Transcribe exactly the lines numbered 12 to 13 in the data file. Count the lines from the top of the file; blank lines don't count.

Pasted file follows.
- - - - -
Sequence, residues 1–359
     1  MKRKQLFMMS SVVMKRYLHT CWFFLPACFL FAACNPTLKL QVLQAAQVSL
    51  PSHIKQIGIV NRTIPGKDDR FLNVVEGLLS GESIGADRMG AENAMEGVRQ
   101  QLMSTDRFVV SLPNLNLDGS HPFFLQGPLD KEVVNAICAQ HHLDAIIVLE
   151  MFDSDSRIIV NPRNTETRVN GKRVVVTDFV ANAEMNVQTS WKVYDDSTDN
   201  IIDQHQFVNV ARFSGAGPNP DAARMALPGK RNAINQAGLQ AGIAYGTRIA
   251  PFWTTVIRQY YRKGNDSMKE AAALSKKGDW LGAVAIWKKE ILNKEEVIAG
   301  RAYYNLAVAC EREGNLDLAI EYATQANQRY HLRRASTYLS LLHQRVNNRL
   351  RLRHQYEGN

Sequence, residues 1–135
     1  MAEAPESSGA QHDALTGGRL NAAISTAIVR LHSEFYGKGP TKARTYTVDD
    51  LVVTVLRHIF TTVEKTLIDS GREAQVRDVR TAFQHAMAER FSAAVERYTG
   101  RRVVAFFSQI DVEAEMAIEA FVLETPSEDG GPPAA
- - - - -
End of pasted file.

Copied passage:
    51  LVVTVLRHIF TTVEKTLIDS GREAQVRDVR TAFQHAMAER FSAAVERYTG
   101  RRVVAFFSQI DVEAEMAIEA FVLETPSEDG GPPAA